Saturday, December 1, 2007

The Pillar of Hannana Moans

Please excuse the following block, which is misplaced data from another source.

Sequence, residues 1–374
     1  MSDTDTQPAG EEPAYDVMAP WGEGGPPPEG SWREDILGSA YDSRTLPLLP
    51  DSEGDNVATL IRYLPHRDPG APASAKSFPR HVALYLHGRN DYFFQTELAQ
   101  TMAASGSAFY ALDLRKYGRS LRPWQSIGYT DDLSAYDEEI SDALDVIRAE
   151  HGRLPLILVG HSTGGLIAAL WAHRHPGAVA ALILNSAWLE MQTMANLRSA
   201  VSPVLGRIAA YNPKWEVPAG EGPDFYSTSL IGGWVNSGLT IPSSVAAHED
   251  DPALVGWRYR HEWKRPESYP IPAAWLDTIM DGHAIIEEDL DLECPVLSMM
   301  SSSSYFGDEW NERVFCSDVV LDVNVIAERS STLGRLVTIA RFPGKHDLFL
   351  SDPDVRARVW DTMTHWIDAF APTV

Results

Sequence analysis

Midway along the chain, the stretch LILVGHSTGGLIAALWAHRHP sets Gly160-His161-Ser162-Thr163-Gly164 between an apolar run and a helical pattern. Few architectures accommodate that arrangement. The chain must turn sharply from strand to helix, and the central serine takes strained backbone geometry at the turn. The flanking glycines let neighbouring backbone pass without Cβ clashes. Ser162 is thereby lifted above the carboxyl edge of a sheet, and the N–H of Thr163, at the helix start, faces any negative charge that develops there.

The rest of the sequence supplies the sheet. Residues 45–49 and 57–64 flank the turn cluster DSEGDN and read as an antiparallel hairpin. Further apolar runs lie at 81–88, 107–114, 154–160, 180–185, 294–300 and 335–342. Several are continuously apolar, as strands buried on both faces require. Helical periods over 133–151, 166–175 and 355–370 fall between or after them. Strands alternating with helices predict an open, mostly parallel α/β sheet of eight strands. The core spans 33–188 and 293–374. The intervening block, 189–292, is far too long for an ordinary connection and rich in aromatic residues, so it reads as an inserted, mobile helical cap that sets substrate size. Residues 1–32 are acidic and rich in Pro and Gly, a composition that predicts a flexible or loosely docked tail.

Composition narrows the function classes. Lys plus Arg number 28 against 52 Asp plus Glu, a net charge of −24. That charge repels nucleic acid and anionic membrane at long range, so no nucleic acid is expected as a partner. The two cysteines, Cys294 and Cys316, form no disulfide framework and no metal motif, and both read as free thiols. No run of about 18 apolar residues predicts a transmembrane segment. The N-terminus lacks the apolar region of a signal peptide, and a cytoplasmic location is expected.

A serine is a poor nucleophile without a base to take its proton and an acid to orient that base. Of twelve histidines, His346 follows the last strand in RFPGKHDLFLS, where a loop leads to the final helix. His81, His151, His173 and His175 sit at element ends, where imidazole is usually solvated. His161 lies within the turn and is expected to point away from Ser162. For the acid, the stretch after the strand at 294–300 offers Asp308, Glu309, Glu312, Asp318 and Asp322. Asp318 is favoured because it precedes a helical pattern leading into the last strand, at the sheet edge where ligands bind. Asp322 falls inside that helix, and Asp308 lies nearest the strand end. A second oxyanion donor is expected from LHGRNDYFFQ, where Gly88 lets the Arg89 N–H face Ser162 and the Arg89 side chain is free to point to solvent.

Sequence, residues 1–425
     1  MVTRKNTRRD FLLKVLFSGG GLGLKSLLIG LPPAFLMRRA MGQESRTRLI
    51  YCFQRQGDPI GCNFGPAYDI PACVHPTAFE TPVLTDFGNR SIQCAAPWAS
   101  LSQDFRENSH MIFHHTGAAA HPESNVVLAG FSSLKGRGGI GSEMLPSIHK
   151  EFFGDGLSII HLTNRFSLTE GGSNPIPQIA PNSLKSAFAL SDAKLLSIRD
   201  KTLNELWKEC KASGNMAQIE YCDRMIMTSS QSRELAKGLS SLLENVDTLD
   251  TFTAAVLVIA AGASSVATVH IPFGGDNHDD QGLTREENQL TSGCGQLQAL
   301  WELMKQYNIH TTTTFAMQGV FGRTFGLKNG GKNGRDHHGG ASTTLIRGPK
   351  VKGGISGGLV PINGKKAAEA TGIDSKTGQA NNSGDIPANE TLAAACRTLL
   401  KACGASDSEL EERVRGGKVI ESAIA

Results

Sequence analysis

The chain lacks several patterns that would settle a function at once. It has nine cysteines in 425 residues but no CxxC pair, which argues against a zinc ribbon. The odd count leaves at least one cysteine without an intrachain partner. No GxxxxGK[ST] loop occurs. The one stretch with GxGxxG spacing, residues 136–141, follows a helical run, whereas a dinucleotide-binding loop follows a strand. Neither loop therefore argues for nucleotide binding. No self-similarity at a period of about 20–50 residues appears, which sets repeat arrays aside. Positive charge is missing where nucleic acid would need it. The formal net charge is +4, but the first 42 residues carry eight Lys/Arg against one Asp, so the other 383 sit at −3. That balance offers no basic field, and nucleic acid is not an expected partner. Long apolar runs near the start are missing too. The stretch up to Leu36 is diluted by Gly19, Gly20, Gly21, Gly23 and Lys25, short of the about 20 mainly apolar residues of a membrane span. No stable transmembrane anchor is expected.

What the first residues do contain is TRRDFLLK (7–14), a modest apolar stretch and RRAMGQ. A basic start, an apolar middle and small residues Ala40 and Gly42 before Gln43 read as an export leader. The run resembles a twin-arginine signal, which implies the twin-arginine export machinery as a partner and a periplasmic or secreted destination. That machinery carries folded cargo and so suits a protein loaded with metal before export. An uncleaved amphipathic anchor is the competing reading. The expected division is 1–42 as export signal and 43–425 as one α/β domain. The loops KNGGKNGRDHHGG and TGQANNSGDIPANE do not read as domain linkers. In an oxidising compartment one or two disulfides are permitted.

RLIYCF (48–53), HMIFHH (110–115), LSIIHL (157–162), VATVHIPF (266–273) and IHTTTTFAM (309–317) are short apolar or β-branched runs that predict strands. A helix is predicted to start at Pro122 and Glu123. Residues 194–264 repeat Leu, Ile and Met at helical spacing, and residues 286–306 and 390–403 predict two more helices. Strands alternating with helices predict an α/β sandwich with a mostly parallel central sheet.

While I write these words, my ears are caressed with the sweet and melodious sounds of the birds chirping in our neighborhood in the Kizingo area in Mombasa. Are they communicating, supplicating, or glorifying Allah? Indeed most of us are oblivion of our own material realm, leave alone the higher planes of existence. The Holy Qur’an tells us: ‘There is nothing but that it glorifies Allah and praises Him, but you cannot comprehend their glorification. Indeed He is forbearing and forgiving.’ [17:44] In expounding this verse, ‘Allama al-Tabataba’i in his monumental al-Mizan fi Tafsir al-Qur’an says that the glorification mentioned in the verse should not be mistaken with ontological glorification, which refers to the natural expression of Allah’s Absolute and Perfect Reality through the ‘limited and deficient nature’ of every other thing in the universe. The mention of the Names “Indeed He is forbearing and forgiving” according to one of the strong opinions, is that ‘not being able to comprehend the tasbih of the other creatures’ is an offense, which Allah bears and forgives. We are told in different traditions that it is our tainted heart that hampers us from beholding the malakut (the inner realm of existence) and appreciating the tasbih of the creatures. The pebbles doing tasbih in the hands of the Prophet (s) is a day to day phenomenon witnesses by those endowed with pure hearts, but perhaps when the hearts of a group of Muslims are influenced by Allah’s Messenger “to forcefully be receptive to their tasbih” it is taken as a miracle. The pillar of Hannana is an unforgettable event in the history of the mosque of Madina. It has been narrated in our traditions that when the Prophet of Allah (s) built his mosque in Madina, there was an old dried date palm pillar besides the mihrab (place where the Imam leads prayer). Whenever he (s) would deliver a sermon or speak to the people he would lean on it; but when a mimbar was brought for him, and he ascended it, a cry was heard from the date palm the way a she camel cries when it separates from its offspring. So the Prophet (s) descended the pulpit and embraced the dry date palm, until it went into silence, and the Prophet (s) returned back. Illustrating this in very beautiful poetry Rumi says: Ustune Hannane az hajre Rasul Nale mizad hamchu arbabe uqul (the pillar of Hannana due to Prophet’s separation, lamented like those endowed with intellect); Guft payghambar che khwahi ay sutoon? Guft jaanam az firaaqat gasht khoon. (The Prophet asked the pillar: what do you want? The pillar said: Due to your separation my soul has turned into blood); Masnadat budam az man taakhti, bar sare minbar tu masnad saakhti (I was your support; now you have run away from me; you have devised a place to lean against upon the pulpit)…In the end Rumi hits in the center of our hearts and says: “Hearken, O heedless one! Be not thou less than a piece of wood! Indeed such phenomena are utter realities for those endowed with insight.